The Fourier transform of I, F(I), is linear,
F(I) = (1/n)Σ_j F( O * δ_(u_j))
and the transform of a convolution product is the point product of the transforms,
F(I) = (1/n)F(O) ∙ Σ_j F( δ_(u_j))
and the transform of the delta function is the plane wave,
v → exp( -i ∙ v • u_j), v ∈ ℝxℝ
where the bold dot (•) indicates the vector inner product. So taking just the modulus squared of the Fourier transform,
|F(I)|²(v) = (1/n)²|F(O)|²Σ_(j,k) exp(-i · v • (u_j - u_k)), j,k = 1...n,
the product of the transformed input image with the modulation transfer function (MTF). When j = k, the summand equals 1. For the n(n-1) summands where j ≠ k, a real-valued interference term is obtained, cos(v • (u_j - u_k)). If the u_j are independent normal random vectors with variance σ², then the expected value of cos(...) is exp(-|v|²σ²).

If numerous images are captured and the distributions remain stationary, then the images may be averaged. Then, assuming v constrained by the frequency limit of the telescope, by the law of large numbers,
<|F(I)|²(v)> ≈ |F(O)|²(1/n + ((n-1)/(2n))exp(-|v|²σ²))
as the number of samples increases.

Special cases. If n = 1, then the MTF is simply 1, of course. For n > 1, the MTF is a sum of a constant and a Gaussian. If n = 2, then the MTF is
1/2 + exp(-|v|²σ²)/4
And if n = 3, then the MTF is
1/3 + exp(-|v|²σ²)/3
As n increases, that is, the more refracting cells and choppy the air, the balance shifts from the constant to the exponential. As σ² increases, the variance of the Gaussian, proportional to the reciprocal of σ², decreases. Both have the effect of bunching the system response into lower frequencies and suppressing the higher, hence limiting angular resolution.

If O were simply a point source, then looking in the space domain, it's autocorrelation, ideally a single point, would be partially obscured by interference among the speckles, represented here as linear combination of δ₀ and a Gaussian with mean 0 and variance now proportional to σ².

Now suppose that image O is the sum of two point sources, like a double star, say one point at the origin and the other at point w, δ_0 and δ_w with Fourier transforms constant 1 and plane wave v → exp(-2πiv•w). The power spectral density is then
2 + exp(-2πiv•w) + exp(2πiv•w) = 2 + 2cos(2πv•w)
which when transformed back to autocorrelation becomes the triple sum of delta functions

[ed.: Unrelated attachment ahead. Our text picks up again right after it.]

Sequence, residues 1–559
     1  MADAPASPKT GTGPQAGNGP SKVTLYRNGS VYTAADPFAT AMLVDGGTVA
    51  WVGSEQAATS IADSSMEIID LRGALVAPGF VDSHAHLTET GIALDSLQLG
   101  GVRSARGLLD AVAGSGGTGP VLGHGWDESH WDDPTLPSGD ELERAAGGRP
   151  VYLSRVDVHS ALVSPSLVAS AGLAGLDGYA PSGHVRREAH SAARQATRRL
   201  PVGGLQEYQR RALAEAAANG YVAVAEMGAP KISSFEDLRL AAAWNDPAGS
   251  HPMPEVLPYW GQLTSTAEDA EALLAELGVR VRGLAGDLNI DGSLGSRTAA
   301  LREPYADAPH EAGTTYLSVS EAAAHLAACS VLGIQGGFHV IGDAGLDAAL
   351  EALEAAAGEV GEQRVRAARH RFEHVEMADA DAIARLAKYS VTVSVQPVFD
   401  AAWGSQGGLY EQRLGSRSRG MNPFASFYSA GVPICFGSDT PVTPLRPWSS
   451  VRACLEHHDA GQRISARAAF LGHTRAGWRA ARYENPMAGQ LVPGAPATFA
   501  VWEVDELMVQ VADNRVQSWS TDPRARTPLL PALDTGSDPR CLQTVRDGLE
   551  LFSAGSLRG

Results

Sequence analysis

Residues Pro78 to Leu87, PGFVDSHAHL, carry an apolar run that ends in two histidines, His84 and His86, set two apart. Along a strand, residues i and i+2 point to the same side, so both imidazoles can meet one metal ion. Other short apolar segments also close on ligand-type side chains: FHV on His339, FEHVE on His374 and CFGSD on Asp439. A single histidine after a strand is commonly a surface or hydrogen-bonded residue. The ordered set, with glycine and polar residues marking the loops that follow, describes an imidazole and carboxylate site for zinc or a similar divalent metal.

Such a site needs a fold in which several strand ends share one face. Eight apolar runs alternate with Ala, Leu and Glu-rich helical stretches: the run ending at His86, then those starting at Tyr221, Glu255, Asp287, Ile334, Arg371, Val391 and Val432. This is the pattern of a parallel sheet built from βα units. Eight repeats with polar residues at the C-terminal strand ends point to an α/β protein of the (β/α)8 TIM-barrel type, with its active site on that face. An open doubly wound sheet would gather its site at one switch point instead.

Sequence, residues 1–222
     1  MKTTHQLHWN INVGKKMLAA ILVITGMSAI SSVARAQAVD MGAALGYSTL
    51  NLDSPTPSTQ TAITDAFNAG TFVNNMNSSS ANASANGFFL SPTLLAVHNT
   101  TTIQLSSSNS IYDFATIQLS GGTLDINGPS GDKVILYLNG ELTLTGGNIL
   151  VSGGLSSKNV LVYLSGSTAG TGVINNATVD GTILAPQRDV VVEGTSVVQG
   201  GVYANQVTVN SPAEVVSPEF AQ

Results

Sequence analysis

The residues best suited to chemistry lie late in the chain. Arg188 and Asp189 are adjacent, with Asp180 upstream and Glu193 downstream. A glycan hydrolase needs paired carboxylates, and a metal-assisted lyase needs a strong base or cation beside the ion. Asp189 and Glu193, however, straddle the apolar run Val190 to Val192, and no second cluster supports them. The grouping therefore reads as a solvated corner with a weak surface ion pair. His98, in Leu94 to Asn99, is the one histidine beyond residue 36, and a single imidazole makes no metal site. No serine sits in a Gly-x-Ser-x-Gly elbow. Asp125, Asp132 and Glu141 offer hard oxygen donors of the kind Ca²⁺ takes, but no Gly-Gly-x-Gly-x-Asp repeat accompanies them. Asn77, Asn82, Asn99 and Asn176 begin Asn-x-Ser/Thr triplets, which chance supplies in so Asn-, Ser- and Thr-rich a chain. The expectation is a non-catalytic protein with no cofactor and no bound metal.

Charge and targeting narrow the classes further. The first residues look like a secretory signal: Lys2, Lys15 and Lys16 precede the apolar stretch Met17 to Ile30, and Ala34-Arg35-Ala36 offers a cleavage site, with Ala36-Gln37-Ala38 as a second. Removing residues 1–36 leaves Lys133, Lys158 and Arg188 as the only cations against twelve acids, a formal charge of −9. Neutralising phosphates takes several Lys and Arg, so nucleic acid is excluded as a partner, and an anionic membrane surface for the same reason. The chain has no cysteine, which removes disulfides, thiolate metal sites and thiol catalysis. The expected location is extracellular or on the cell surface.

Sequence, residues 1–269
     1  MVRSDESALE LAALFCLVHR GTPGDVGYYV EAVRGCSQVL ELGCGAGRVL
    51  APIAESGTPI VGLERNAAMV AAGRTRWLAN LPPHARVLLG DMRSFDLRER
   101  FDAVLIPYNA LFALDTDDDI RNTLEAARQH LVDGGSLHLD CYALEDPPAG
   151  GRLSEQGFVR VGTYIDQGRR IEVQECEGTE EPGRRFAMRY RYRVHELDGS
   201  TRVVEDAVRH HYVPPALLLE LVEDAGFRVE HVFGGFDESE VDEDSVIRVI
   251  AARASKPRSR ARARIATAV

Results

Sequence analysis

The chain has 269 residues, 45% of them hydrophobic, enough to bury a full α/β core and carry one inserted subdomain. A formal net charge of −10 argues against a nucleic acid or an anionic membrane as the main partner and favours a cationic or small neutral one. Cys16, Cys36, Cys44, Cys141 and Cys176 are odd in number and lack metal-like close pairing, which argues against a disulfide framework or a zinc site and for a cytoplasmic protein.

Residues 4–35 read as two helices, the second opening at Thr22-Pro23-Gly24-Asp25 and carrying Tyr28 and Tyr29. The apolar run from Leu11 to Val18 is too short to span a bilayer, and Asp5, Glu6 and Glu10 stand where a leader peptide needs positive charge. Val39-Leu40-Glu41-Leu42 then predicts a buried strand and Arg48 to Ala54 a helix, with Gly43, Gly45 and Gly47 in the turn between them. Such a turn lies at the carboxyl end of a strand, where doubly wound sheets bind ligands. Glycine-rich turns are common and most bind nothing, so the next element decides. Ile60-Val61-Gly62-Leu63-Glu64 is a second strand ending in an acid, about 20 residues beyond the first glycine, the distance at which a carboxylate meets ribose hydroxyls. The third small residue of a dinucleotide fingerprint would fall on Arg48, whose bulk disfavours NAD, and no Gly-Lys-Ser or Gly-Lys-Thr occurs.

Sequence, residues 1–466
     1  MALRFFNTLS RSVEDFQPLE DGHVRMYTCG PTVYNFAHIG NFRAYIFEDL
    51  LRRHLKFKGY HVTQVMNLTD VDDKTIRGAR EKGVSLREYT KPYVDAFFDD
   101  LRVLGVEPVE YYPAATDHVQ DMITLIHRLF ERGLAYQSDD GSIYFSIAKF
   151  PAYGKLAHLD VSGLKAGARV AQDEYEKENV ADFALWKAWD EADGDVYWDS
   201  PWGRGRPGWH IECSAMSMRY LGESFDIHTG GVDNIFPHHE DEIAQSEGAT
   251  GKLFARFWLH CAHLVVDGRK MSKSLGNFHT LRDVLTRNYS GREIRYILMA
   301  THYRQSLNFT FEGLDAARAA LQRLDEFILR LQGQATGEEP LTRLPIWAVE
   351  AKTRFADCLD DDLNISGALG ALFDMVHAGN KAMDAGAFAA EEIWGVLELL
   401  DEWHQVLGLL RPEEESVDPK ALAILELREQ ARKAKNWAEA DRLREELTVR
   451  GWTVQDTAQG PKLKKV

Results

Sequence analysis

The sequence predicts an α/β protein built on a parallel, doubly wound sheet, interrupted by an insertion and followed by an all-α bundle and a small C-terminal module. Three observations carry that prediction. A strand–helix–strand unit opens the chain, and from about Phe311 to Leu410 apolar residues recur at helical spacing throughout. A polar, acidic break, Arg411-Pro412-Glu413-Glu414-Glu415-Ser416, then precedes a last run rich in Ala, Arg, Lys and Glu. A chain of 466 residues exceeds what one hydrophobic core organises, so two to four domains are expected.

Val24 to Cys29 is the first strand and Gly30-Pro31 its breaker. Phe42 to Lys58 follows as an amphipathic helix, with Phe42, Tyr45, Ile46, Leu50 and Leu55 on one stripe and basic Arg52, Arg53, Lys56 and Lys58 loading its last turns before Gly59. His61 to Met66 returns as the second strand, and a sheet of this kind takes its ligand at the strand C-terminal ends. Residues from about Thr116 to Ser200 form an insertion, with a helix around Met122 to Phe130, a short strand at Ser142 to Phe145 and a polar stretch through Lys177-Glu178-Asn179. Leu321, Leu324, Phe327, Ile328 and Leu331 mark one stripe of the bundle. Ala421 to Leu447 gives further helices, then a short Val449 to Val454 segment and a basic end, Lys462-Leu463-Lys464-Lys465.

2δ_0 + δ_w + δ_(-w)
Thus, in the presence of speckle noise, we have in the frequency domain
v → (2 + 2cos(2πv•w))(1/n + ((n-1)/(2n))exp(-|v|²σ²))
and taking the inverse transfrom, one recovers the two star autocorrelation with Gaussian noise added in, possibly enough to obscure the relative maxima of the autocorrelation. Of course, if this PSF were a good guide to actual observation, one could use the MDF to construct an inverse filter.

Labeyrie's approach to the PSF was suggested by star photographs and Kolmogorov's model for atmospheric turbulence. Starting there, astronomers have developed more sophisticated models. For example, Jack Drummond has developed a model of the PSF as a sum of a Bessel function and the Cauchy distribution. (Thanks to R. Q. Fugate for the reference).

Part 2: Example of inverse filtering, STF 848

Data: 25 images of double star STF848 (Henry Draper 41943), each exposed for 5 milliseconds each. Here is an animated GIF of the first fifteen (refresh to run again):
STF 848 image samples
We take these images and compute their autocorrelatograms and average them together, essentially checking to see whether the triple of delta functions above can be distinguished through the noise:
STF 848 raw autocorrelogram
Suggestive perhaps but actually nothing pops out; there is only one local maximum.

So, following Labeyrie, we try an inverse filter, one where the filter divisor is obtained by approximating the PSF. The double star STF 848 sits in the "37" open cluster in Orion, and our images contain additional stars in the same frame. In particular STF 848 itself is assigned a visual companions. STF 848D, magnitude 8.3, is circled here in the first frame of our set; STF 848 A and B comprise the bright blob above it:
STF 848D
Using the 25 exposures to compile an average MTF for STF 848D, we construct the unassuming composite:
However, when we compute the element-wise quotient of the average STF 848AB MTF by the average STF 848D MTF and then take the inverse Fourier transform back to the spacial domain to obtain the filtered autocorrelogram, we get this:
STF 848AB filtered autocorrelogram
where suddenly the triple peaks of a double star autocorrelogram can be detected.

Using the ruler tool in the fv FITS viewer for instance, the side peaks are found to be about 21.77 pixels apart. The instrument used here has a focal length of 82 inches and the camera has 2.4 μm wide pixels, hence about .238 arcseconds per pixel. Thus 21.77 px translates to 2.587" separation between STF 848 A and B stars. The "precise separation" listed at Stelle Doppie is 2.605" for agreement within .1" with our estimate.

Scientists have developed many filtering techniques including blind deconvolution using the model above and Gaussian speckle-masking described by A. W. Lohman et al, 1983, (thanks to D. Elmore for introduction to speckle masking) when no reference star is available.

posted at: 11:58 | path: | permanent link to this entry

Wed, 24 Mar 2021

Telescope Builder
On March 6th JY and I hitched up the Jayco toy hauler to our pickup and took off for California. It was our first trip back to California since we had left Irvine, small U-Haul in tow and JY pregnant, August 1983.